Budgeting for extra drive time is a must in winter. Keep the gas tank half-full at all times, winter especially. If you’re not comfortable or experienced in winter driving, practice driving in closed, empty parking lots. You’ll need to allow extra time for braking, and most Alaskans will keep a good distance between cars while driving for this reason.
In winter, you'll want to keep a snow shovel and a bag of sand or kitty litter in the vehicle, along with a tow rope. In the event the vehicle becomes stuck, these items may make the difference in pulling the vehicle out or needing rescue.
5) Is Alaska always dark in the winter? Does the sun really never set in the summer?
There are towns in Alaska that do live in complete darkness for months during long Arctic winters, but if you're stationed near Anchorage, know that Anchorage is not one of them. While the days will shorten during winter, Anchorage will still enjoy daylight for five to six hours, even in the winter.
On the plus side, by April the days stretch to twelve and thirteen hours of daylight. By July, it’s not uncommon to enjoy a sunset at 11 p.m. This can cause the summer months to feel hotter than they are, along with seeing phenomenal plant growth. For example, a 2051-pound pumpkin holds the Alaska record!
6) Can you see the northern lights in Alaska?
The best time to see the northern lights is between mid-September and late April. They're seen through the state, but are most visible in the Arctic and Interior regions.Aurora Borealis (Northern Lights) near the Arctic Circle in Alaska. Image from Canva.
7) What time is it in Alaska?
Almost all of Alaska observes Alaska Standard Time (AKST) with the corresponding Daylight Saving Time (DST) designation Alaska Daylight Time (AKDT). Alaska follows the same Daylight Saving Time (DST) schedule as the rest of the U.S.
Parts of the Aleutian Islands use Hawaii-Aleutian Standard Time (HAST) and Hawaii-Aleutian Daylight Time (HADT) during DST. (Source: timeanddate.com)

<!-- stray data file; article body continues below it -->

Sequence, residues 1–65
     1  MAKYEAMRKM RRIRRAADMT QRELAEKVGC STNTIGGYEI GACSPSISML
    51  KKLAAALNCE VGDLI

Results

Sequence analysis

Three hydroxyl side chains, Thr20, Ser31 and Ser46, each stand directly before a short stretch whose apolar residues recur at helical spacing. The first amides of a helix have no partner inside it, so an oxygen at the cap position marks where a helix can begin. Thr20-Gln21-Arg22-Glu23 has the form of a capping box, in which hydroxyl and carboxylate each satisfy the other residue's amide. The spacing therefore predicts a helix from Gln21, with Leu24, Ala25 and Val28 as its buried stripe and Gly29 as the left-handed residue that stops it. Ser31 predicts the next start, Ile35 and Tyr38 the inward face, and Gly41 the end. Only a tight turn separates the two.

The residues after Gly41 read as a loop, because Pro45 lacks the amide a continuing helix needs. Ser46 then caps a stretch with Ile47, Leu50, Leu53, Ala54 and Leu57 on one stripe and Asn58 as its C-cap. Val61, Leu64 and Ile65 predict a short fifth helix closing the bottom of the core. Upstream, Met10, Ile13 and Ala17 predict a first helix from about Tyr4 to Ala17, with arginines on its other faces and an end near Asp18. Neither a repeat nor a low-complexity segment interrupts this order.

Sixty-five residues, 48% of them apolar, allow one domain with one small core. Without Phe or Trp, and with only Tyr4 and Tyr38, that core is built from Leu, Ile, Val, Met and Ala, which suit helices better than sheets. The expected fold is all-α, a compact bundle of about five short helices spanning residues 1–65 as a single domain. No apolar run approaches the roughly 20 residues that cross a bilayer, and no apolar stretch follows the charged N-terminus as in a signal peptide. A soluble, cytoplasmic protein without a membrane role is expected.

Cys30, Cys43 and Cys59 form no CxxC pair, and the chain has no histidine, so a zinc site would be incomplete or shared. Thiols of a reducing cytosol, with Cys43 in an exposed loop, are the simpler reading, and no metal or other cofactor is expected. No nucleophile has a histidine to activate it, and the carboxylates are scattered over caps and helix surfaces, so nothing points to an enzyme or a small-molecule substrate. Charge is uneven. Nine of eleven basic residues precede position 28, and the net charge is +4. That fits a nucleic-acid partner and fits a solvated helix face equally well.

So, for the majority of Alaska, they’re one hour behind the Pacific Time Zone.
8) What clothing will I need in Alaska?
You’ll likely save money by buying essential winter gear before you move.
At a minimum, bring a heavy, warm coat for each family member, fleece and rain jackets, gloves, hats, and a good pair of water-resistant shoes. Many elect to buy heavy winter boots (and shoe spikes, a.k.a. “tire chains” that wrap over your existing shoes) in Alaska, as there’s usually a plethora of options and weather-ratings available.
In the Fairbanks area, your concern with winter gear is as much warmth as it is in being water repellent. The snow is drier in Fairbanks and the temperatures much colder than along the coast. One military spouse mentioned that she could literally sweep the snow rather than shovel! Although you can usually go outside for activities like cross-country skiing and snowshoeing, Fairbanks can get so cold that you just can’t keep warm, no matter what you’re doing. It is near the town of North Pole, after all!
9) Will I see bears and moose in Alaska?
The short answer to that is yes, along with lots of other wildlife. Get extensive info on how to safely prepare for wildlife encounters in Alaska. Your installation will probably have a mandatory in-brief regarding wildlife.
10) Why do people love living in Alaska?
Many military members choose Alaska for their retirement, especially in the Anchorage area near JBER. The Anchorage area is very military friendly, and offers veteran medical care through the VA Hospital, which also shares state-of-the-art medical facilities with the JBER medical group.
People mention the unparalleled natural beauty, year-round outdoor activities, and the abundant opportunities for hunting, fishing, and camping as reasons they love Alaska.